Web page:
In mid January, John Deere did something neither it nor any other farm equipment manufacturer had ever done before (at least as far as anyone can remember). It took one of its combines, an S770, to the Consumer Electronics Show in Las Vegas. This is the place all the tech companies go to show off the latest in cutting edge tech stuff; things often more aptly described as gizmos that nobody really knew they needed.
So the combine might arguably have been the talk of the event. Part of the reason for that is given the public’s general lack of knowledge about what really happens on a farm, many apparently didn’t even know what it was.
“For many visitors and representatives of the tech media, John Deere’s appearance at the world’s-biggest technology show was initially a mystery,” reads the write up in the ‘John Deere Journal’. “At first many didn’t understand what they were seeing when they came upon the green and yellow machines and displays.”
But the reality is, that Deere combine—or one from any of the major brands—certainly deserved to be there, given the level of technology built into it. It’s become a given that the digital capabilities of today’s farm machines are what is starting to become the driving factor in generating sales of new equipment.
A couple of hundred miles away at the exact same the public was puzzling over what a combine was at the CES in Vegas, I heard that acknowledgement come from some of Case IH’s senior marketing staff. I was at their new product introduction in Phoenix.
If you just want brute horsepower any tractor built in the last decade or two will provide that, but new equipment buyers are now looking for more, those Case marketers explained. And all of the major brands seem to have heard that message loud and clear. Technology all across the current spectrum of new ag equipment is beyond impressive.
AEM, the Association of Equipment Manufacturers, the industry association that represents all the major brands, along with manufacturers in the automotive sector, recently published a piece that highlights that fact.
“It is often said that the only thing you can count on is change,” reads the article. “That statement certainly holds true when looking into the future of the agriculture industry.”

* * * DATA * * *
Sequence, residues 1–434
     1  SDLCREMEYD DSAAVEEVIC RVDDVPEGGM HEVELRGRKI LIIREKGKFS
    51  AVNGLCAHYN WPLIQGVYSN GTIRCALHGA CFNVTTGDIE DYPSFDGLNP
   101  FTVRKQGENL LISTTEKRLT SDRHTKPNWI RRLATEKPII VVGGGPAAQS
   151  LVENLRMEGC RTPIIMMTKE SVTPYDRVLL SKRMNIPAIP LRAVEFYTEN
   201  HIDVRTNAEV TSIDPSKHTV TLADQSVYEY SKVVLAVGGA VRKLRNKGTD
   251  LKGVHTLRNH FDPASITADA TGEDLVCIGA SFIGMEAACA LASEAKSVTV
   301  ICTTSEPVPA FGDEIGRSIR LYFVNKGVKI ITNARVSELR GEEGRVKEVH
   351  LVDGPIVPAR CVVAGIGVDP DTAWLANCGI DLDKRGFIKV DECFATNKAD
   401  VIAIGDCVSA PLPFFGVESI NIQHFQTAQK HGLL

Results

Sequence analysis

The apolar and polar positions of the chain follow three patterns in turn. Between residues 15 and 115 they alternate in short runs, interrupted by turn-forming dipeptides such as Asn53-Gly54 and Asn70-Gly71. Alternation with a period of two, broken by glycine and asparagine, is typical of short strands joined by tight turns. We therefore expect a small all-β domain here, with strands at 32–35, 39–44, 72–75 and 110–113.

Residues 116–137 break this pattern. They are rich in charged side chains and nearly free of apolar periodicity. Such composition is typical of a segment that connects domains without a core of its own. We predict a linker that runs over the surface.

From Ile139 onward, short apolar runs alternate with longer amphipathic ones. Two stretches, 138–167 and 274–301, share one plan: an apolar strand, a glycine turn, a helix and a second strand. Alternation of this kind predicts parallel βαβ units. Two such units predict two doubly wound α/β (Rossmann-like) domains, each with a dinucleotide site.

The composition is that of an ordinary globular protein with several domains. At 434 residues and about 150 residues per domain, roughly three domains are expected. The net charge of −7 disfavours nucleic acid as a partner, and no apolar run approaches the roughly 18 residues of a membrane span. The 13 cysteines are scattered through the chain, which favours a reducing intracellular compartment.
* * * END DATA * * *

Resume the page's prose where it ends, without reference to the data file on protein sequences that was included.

Recently, AEM commissioned a study to look into the future impact some broad trends will have on equipment manufacturers, dealers and farmers,” it goes on “A common theme coming out of these discussions and findings is that precision farming, big data, and artificial intelligence could have as much of a revolutionary impact on our industry as mechanization in the late 1800’s or the advancement of seed genetics over the past century. It is an exciting time to be in agriculture.”
But no matter how smart modern machines become, AEM’s research has shown that buyers won’t commit to bringing home fancy new machines no matter how fully they’re packed with artificial intelligence unless there is a return on investment. And as the “big data” sector continues to get bigger, it’s still unclear how exactly all that information collected by machines in the field will get coordinated and processed. And, perhaps most importantly, it’s unclear which company will come to dominate that area.
“Today a farmer buys a piece of equipment from a local dealer, purchases crop inputs from a local retailer and may tap into a few advisors to assist in making agronomic and business decisions,” the AEM article goes on. “Our research shows that the role of ‘most trusted advisor,’ one who can bridge the gap between agronomic information and precision farming hardware, is still up for grabs. This provides a tremendous opportunity for AEM members to respond to farmers’ needs for services with new product offerings, ownership models, technical support and other pay-for-service programs.”
Look for the data support and analysis sector to become a very active battleground.